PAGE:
We all know them. Fear Gremlins: those pesky doubts that run through your mind like little green men.
They often show up when life is at its best, when for example, sudden wealth arrives through stock options, an IPO or a business sale.
Often my clients are business leaders who have planned for success by working hard, and when they are hit with the reality of dreams coming true quickly without time to process the change, they sometimes encounter these insidious creatures.
Change, even the good kind, can disrupt us, and this can be scary. Many times Fear Gremlins wear disguises called assumptions, false interpretations, and regret to hide their true identity.
And while a certain amount uncertainty during times of joyful change is to be expected, chronic doubt can become a big problem, undermining your life by chipping away at happiness and turning you into a person you don’t want to become.
Fear can sound like, “you don’t deserve this success,” “you aren’t working hard enough,” and “what if this all goes away?”
Four years ago, I started a new chapter in the quest to evolve my personal and professional life. I wanted to create a life more congruent with my gifting and purpose, and to do that has required faith in something, or someone, greater than myself. I call it God, but you may describe it differently.
For the part of the journey within my discretion, I needed to get a clearer understanding of who I was, where my passion and calling resided, and then focus on bringing my unique contribution to the world.
The ripple effects of this introspection naturally flowed into my business outcomes, and led me to realize the sense of purpose I felt when working with my wealth management clients on some of their life questions and deeper concerns.
I’ve gone on to gain additional executive coaching skills around life purpose and have found joy in providing this service every single day.
Going from frustration and uncertainty to complete clarity in a relatively short period of time has been like a recent turbulent Alaska Airlines flight I was on that descended into a dense fog.
Just when I was hoping the pilot had some solid instruments beyond his own vision to get us to the tarmac, the fog and clouds parted and I could see the Seattle skyline and the surrounding water and trees taking shape and felt much more calm.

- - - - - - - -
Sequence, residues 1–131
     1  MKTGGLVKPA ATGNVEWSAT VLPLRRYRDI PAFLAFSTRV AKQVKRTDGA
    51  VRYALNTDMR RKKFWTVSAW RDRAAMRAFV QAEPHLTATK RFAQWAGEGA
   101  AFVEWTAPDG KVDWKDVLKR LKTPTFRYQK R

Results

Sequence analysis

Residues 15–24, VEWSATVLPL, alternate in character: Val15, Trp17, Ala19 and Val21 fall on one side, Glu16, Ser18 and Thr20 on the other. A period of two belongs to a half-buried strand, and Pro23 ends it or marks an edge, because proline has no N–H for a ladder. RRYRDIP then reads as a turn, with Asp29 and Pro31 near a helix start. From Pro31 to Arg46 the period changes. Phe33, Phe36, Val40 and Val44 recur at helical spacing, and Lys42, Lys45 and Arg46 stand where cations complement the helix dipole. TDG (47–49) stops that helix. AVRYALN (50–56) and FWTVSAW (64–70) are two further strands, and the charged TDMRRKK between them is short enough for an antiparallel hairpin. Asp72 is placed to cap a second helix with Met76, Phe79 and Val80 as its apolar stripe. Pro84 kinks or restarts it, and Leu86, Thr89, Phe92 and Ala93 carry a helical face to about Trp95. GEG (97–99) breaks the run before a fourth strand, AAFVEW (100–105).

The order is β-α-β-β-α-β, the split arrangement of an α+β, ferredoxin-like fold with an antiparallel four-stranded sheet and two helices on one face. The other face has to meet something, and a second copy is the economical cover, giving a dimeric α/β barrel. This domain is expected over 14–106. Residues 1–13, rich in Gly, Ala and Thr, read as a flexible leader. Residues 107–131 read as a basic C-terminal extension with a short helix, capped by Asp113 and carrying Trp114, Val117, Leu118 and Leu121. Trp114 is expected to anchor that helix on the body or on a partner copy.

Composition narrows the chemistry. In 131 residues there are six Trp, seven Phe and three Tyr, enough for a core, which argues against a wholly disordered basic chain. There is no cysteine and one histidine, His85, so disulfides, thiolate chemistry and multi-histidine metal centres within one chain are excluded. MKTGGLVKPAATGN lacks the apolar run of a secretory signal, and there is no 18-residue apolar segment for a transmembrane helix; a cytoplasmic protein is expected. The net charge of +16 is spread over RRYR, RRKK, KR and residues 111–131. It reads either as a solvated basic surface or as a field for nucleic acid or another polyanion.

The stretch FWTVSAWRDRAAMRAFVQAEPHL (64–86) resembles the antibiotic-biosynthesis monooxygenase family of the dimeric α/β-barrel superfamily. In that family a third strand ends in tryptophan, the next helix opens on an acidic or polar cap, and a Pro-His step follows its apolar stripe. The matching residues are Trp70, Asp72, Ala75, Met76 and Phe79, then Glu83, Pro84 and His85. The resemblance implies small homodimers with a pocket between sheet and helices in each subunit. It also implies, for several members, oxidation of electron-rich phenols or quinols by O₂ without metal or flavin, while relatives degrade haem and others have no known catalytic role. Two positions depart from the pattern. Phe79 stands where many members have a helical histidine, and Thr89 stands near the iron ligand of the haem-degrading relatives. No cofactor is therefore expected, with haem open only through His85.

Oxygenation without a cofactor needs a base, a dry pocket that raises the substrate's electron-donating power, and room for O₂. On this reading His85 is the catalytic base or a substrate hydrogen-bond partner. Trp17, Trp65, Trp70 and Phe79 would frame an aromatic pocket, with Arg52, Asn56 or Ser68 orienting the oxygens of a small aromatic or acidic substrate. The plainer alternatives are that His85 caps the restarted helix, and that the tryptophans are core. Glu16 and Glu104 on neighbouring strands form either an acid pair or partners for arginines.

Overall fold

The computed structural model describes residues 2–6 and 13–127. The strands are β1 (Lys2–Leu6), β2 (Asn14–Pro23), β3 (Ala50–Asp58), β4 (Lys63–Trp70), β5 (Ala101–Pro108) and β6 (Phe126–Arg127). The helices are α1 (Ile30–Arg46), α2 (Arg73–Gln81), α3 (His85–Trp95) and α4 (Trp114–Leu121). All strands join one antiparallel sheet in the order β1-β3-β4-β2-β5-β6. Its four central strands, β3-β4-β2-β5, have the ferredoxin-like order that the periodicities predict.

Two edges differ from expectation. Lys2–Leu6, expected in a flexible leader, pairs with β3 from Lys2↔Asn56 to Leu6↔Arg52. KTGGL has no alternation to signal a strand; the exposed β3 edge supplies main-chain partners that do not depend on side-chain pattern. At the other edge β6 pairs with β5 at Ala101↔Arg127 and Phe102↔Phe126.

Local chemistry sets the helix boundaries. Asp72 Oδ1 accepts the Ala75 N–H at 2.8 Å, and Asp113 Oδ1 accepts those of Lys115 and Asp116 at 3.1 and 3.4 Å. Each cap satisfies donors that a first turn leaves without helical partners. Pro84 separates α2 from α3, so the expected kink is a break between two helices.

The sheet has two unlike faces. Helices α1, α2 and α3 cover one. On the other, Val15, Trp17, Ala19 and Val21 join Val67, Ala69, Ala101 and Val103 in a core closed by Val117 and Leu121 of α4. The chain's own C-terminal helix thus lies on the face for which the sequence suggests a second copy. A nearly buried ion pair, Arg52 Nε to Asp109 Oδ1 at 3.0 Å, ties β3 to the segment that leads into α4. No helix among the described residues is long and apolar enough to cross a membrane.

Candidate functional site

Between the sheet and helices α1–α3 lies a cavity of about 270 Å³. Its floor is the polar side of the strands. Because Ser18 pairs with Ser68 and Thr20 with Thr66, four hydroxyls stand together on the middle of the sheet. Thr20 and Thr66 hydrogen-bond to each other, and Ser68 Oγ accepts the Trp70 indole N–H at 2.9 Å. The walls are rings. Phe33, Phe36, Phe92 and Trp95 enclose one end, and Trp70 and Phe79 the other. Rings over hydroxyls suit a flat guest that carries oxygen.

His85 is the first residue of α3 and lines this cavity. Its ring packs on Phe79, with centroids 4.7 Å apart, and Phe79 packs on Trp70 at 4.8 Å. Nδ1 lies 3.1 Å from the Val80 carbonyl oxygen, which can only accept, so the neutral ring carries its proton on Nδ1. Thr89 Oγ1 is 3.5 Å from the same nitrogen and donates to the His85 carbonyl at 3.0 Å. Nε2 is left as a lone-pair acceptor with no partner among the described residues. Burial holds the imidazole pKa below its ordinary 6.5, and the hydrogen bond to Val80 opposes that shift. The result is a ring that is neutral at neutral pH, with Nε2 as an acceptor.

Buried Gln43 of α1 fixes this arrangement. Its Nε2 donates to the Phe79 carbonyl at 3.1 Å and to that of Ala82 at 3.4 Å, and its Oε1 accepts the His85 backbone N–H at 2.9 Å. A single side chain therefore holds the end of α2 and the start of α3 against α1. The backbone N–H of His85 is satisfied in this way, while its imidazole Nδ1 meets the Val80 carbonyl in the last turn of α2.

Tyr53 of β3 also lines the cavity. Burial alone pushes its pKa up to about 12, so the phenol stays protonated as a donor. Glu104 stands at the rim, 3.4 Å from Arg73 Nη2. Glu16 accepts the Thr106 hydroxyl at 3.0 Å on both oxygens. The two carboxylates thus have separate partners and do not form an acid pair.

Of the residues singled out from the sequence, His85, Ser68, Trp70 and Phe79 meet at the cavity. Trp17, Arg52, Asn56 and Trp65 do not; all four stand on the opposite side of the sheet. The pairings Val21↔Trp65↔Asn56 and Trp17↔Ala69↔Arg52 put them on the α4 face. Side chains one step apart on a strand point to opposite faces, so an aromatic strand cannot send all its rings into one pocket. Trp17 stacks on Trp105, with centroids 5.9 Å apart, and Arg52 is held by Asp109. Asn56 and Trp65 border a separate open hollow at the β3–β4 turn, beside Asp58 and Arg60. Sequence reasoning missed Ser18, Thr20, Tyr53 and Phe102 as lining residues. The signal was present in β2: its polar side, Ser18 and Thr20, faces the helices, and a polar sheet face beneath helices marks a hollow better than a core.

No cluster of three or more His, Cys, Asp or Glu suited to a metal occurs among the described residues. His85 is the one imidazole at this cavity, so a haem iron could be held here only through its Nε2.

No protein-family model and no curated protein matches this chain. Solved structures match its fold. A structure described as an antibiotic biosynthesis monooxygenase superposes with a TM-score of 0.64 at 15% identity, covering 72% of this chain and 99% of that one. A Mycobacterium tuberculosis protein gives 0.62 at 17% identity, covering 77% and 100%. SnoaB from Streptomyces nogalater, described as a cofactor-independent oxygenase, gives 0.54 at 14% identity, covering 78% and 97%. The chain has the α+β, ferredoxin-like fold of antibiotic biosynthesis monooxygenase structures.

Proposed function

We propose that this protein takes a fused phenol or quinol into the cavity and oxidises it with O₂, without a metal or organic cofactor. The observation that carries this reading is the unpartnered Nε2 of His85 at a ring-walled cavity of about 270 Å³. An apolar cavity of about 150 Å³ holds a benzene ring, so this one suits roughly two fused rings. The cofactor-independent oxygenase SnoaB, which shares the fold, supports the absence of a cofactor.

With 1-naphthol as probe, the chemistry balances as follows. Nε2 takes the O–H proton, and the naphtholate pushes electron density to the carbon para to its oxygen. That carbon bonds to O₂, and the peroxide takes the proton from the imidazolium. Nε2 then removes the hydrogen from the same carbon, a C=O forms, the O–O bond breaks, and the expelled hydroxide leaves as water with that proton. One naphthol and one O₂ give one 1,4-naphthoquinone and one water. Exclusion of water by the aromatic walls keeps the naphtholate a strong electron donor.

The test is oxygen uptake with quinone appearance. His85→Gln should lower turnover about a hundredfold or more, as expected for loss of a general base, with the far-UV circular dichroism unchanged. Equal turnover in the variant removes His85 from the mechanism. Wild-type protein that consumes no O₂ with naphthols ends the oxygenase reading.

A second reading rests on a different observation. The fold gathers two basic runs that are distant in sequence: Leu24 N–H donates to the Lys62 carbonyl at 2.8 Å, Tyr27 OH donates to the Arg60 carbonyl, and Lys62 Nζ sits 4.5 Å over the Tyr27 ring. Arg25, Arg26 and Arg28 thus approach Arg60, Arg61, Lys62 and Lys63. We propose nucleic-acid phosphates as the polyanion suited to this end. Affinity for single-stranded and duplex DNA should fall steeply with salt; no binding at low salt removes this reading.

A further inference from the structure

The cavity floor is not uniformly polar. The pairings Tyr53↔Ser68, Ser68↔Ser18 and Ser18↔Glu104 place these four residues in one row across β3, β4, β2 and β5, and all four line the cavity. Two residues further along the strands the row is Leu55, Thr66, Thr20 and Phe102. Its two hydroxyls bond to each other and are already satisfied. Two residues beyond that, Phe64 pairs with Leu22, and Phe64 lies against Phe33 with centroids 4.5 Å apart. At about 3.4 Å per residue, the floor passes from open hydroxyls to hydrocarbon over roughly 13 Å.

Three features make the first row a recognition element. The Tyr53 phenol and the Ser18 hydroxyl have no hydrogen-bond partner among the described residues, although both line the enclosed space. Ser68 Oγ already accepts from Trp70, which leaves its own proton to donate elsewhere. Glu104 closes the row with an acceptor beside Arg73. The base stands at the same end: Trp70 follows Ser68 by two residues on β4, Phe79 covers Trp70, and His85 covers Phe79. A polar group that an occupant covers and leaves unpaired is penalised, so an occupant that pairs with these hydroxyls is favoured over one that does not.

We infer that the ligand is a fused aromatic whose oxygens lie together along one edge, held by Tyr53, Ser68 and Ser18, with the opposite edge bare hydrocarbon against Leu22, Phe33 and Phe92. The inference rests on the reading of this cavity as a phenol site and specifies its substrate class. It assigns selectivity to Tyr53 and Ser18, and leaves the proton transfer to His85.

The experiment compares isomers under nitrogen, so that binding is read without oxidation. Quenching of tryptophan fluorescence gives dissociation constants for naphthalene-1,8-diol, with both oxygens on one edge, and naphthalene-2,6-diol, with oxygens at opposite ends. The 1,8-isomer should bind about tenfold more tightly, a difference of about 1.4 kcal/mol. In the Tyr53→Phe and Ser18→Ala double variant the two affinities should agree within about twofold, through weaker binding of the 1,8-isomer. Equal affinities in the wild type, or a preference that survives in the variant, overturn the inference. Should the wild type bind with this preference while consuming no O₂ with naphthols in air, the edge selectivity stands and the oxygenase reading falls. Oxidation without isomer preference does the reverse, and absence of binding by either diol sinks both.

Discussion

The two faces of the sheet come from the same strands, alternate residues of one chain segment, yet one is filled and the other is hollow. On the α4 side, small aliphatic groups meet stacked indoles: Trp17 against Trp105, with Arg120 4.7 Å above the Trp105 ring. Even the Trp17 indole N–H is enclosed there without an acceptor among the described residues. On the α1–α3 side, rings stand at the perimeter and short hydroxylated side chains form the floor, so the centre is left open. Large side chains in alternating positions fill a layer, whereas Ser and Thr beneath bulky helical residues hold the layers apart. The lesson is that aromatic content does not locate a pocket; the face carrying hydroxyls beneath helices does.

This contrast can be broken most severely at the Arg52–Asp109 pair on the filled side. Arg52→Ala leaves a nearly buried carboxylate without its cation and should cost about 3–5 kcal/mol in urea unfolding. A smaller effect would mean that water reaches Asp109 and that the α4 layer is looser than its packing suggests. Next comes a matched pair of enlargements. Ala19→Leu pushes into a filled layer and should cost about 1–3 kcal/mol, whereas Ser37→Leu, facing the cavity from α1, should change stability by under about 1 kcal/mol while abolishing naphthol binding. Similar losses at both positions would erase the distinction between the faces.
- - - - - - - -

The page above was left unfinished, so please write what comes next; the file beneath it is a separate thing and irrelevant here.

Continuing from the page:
During my faith journey, I knew there was a greater purpose to my life but I couldn’t yet see it.
Yet when the landing strip came into view, clear and crisp, I started feeling fear and worry instead of calm.
What would barreling toward this desired outcome of increasing my coaching skills actually mean?
What if I failed?
I started to notice those Fear Gremlins, clinging onto the wing of the aircraft, popping up out of the overhead storage bins.
While talking with my business coach about this phenomenon, I wondered why it was so hard for me to enjoy clarity and success without fear, and accept the positive outcomes that have blessed my life?
If I shot a birdie on the first hole, a little green guy would whisper, “it’s only downhill from here.”
Why in fact, do we feel more secure when we are chasing our goals, matching up the pieces in pursuit of the picture, than we do when we achieve them?
I’ve counseled many business leaders who have come into sudden wealth and face big life transitions who suddenly find Fear Gremlins parading around the house with abandon.
I believe there are a couple of reasons why business leaders let the Fear Gremlins in:
The Problem: Connecting success with worthiness.
Achievement can feed a constant need for external approval and can become an addiction like any other coping behavior; a requirement to feeling good about yourself. You become only as good as your last victory or success.
The Solution: Recognize the source of approval and worthiness must come from inside yourself and from your spiritual core.
Disconnect performance (good or bad) from who you are, and look at the world through the lens of abundance instead of scarcity.
The Problem: More to lose and farther to fall.
I believed I didn’t have much to lose or as far to fall when I was pursuing my dreams. Once I achieved them, or receive clarity of direction, I had plenty to lose and a long way to fall. In a weird way, striving is much safer than succeeding. The proverb “be careful what you wish for because it might come true” applies. The fear of losing all that you’ve achieved is very real, particularly if you started with little or nothing to lose.
The Solution: Have faith that you are right where you are supposed to be regardless of the circumstances.
Enjoy the moments of life through a focus on gratitude instead of fear and worry. Unfortunately, if left unattended, Fear Gremlins can smash the joy out of any new opportunity or exciting moment, amplifying the fear of the unknown and controlling, self-sufficiency behaviors.
Like a good babysitter, listen to the Gremlins’ desire to stay up past bedtime, be curious about the story they are telling, then send those pesky critters straight to bed.
Let me know how you handle Fear Gremlins.
I’d love to hear from you.
A Guide to Maximizing Your Return on Life and Money
The Wealth Creator’s Playbook is the must-read, go-to guide for individuals who are chasing financial success and all the richness of a deeply fulfilling life.